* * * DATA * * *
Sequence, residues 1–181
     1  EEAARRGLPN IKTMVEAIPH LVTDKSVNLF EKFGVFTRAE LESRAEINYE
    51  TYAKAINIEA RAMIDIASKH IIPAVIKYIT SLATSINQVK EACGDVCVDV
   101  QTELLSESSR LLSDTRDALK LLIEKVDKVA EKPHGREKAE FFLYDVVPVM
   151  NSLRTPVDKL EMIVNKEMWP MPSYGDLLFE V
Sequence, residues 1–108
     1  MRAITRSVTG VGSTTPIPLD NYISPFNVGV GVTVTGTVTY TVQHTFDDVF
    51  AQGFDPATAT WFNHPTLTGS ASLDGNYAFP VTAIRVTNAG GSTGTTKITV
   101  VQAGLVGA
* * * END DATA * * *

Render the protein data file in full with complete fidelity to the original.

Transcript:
Sequence, residues 1–181
     1  EEAARRGLPN IKTMVEAIPH LVTDKSVNLF EKFGVFTRAE LESRAEINYE
    51  TYAKAINIEA RAMIDIASKH IIPAVIKYIT SLATSINQVK EACGDVCVDV
   101  QTELLSESSR LLSDTRDALK LLIEKVDKVA EKPHGREKAE FFLYDVVPVM
   151  NSLRTPVDKL EMIVNKEMWP MPSYGDLLFE V
Sequence, residues 1–108
     1  MRAITRSVTG VGSTTPIPLD NYISPFNVGV GVTVTGTVTY TVQHTFDDVF
    51  AQGFDPATAT WFNHPTLTGS ASLDGNYAFP VTAIRVTNAG GSTGTTKITV
   101  VQAGLVGA